During a recent Facebook discussion, it was pointed out that I had never worn a prong collar. As such, I would have no idea whether a prong (a.k.a. pinch collar) causes pain. My knuckles firmly rapped, it seemed the only solution would be for me to open my mind and wear a prong collar.
For those unfamiliar with the product, these come in a variety of styles. Some look scary with spikes and “prongs” of metal. Newer models hide the “teeth” of the prong collar under a strip of leather, plastic or fabric. I use the word “teeth” very deliberately, because proponents of these products claim that the spikes of a prong replicate a mother dog’s teeth as she corrects a misbehaving pup.
I do know how to fit a prong collar, and I know how to use one. I am a crossover trainer, meaning that I have used physical corrections and discipline in the past. However, never have a put a prong collar around my neck I have not been able to claim to know how it feels. It is about time.
While not scientific, I wanted to challenge my pre-conceived notions. How does a prong feel? Does it cause pain? When products “work”, they work for a reason. What is that reason?
I began by placing the collar on my forearm. Surprisingly, it did not cause pain. There was pressure. At this point, I felt that I would be eating a good healthy dose of crow. This gave me the confidence to move forward – to fit the prong to my neck.
Carefully, I adjusted the number of links so the collar sat high up on my neck, snug but not tight. Gently I pulled on the ring where the leash attached. Again, I was legitimately surprised that spikes did not dig into my neck, and there was very little pain.
My husband entered the room, rolled his eyes at yet another “experiment”. Jokingly, he grasped the chain. Using his fingers only he tugged. “You’re coming with me!”
That is when the prong collar “bit” me. As the metal of the prong pressed against the bone of my spine, it created sharp, intense pain. I screamed – yes screamed – for him to stop. My husband blubbered, “I didn’t pull hard. It wasn’t hard at all. I just used my fingers.”
One of my friends pointed out that dogs have muscular necks and walk on all fours. I can respect that my husband’s tug on the collar does not replicate a dog walking at an owner’s side. Head down (literally, I got down on all fours) we attached the leash to the collar. My son “walked” me around the house. He was applying FINGERTIP pressure.
It was here that the collar “bit” me for the second time. It was not painful. I think it was worse than that. The pressure from the evenly spaced links didn’t distribute evenly, the way it had on my arm. Walking on my hands and knees, the collar did not pinch. It pulled up against the front of my throat, an area that has very little muscle to afford any protection. Checking the front of my dog’s neck, it becomes quickly apparent that his muscular neck and shoulders do not offer protection to the front of his neck either.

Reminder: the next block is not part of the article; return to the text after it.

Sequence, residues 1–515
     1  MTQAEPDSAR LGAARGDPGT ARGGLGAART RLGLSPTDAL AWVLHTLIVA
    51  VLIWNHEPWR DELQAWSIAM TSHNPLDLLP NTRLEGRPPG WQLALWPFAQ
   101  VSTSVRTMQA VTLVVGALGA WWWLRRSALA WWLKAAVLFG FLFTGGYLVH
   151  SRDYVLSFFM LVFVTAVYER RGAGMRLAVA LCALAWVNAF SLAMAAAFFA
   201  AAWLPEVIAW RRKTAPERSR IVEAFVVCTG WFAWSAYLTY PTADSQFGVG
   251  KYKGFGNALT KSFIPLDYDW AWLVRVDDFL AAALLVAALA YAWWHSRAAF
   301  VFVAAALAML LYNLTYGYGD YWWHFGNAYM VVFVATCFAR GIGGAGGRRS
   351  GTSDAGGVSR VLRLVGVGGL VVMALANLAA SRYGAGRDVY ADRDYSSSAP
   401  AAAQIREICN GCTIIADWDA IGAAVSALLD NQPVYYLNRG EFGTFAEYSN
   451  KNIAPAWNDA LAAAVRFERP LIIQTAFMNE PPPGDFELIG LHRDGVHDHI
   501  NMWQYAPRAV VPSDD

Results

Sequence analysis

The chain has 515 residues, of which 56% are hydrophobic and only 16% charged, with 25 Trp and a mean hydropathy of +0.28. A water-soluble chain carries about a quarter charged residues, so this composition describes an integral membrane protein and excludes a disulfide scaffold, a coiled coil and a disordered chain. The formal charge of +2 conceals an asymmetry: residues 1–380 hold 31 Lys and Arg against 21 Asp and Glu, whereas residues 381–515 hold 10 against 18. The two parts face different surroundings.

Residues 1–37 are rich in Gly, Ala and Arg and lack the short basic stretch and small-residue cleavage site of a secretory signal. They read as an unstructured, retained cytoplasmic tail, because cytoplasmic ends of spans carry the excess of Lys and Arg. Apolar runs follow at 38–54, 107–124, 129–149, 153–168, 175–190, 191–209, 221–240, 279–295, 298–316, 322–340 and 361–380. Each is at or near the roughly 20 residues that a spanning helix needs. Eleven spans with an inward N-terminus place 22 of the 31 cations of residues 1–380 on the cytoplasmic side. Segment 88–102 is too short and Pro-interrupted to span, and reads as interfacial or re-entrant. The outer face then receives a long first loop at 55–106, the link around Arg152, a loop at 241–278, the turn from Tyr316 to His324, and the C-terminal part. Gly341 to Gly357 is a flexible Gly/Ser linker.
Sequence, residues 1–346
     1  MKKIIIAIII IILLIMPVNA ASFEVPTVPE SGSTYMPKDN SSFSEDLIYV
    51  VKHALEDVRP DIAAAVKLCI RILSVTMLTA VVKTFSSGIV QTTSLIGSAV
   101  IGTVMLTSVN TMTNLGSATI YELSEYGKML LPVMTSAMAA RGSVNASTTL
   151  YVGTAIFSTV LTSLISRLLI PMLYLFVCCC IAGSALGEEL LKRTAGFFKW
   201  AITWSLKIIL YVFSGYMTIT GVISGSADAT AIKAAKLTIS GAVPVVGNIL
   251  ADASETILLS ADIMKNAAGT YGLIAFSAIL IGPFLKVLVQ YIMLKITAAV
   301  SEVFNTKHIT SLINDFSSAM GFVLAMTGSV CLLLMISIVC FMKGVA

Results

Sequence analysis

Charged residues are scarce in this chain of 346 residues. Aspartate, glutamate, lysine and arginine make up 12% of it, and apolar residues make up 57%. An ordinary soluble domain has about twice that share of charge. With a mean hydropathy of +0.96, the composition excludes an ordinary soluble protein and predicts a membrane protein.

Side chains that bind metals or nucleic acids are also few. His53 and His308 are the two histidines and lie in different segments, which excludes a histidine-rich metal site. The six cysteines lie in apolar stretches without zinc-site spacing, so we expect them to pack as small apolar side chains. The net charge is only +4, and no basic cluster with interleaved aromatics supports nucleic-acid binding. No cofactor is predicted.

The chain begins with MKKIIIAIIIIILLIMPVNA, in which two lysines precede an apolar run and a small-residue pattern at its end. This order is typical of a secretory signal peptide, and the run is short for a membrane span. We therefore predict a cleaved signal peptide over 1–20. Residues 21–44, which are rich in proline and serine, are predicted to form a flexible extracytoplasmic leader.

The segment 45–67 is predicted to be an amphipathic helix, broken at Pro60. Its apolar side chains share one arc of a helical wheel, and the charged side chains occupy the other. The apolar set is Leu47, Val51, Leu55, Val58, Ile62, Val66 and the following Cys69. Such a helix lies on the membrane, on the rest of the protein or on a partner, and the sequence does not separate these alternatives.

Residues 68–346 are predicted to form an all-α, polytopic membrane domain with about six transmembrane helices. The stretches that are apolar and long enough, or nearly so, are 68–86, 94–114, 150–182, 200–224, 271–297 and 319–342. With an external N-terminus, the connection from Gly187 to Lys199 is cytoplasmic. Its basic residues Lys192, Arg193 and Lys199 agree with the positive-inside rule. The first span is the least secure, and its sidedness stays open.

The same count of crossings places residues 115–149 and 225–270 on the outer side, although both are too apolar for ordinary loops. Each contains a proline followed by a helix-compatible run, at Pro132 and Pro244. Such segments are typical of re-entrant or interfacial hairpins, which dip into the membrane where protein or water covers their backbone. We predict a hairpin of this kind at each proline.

As I crawled along the ground, and the prong dug up into my windpipe, I felt a primal urge to recoil and relieve pressure. While not quite a choking feeling, it was a gagging, gurgling, inability to swallow. My stomach seized and I felt panic. In an instinctive need for self-preservation I gasped, “Drop the leash!” Grasping at the links, my hands shaking, I immediately struggled to remove the prong collar from my neck. Having felt both the pain of prong on bone, and the pressure of a prong on my windpipe, the pressure on my windpipe was, at least to me, far worse.
I went into this process with an open mind. Some of my most profound life lessons have come when others have challenged my position. I respect it when people speak up and push me. I want to know why a product “works.”
This little experiment may have begun as a prong question; it has led me to wonder how we perceive a dog’s neck. We see the muscle and power. Under their chin is the soft underside, cartilage, glands, bones.
Prong collars are not the only collars placed high upon a dog’s neck. Owners are often told to ensure collars stay up as high as possible. Why? They are told this is to maximize control – and the effectiveness of the collar. Some collars are designed so they intentionally do not slide down the dog’s neck – to the muscular part. I can see how that “works.” It hurts like hell when a collar presses on delicate tissue. Research shows that pressure on a dog’s neck presses on the optic nerve, potentially causing eye problems. This isn’t just a moral “tree hugging” concern. Veterinary organization recommend harnesses for this reason.
I can’t ask my dog how any collar feels for them. However, I can, for a minute, put myself in their position – look at the anatomy of their neck and look at the fit of a variety of collars and ask how it would make me feel.
No dogs were harmed, corrected or pulled using a training collar. In other words, the photos for this blog post were staged.
Update: May 6th, 2013. There have been an overwhelming amount of comments. This one stood out. Jennifer Montgomery Kay wrote the following:
I tried this experiment myself on Saturday. There really is nothing like the horrible feeling of it merely resting on my windpipe. The moment I caused it to apply actual pressure? I thought I was near death.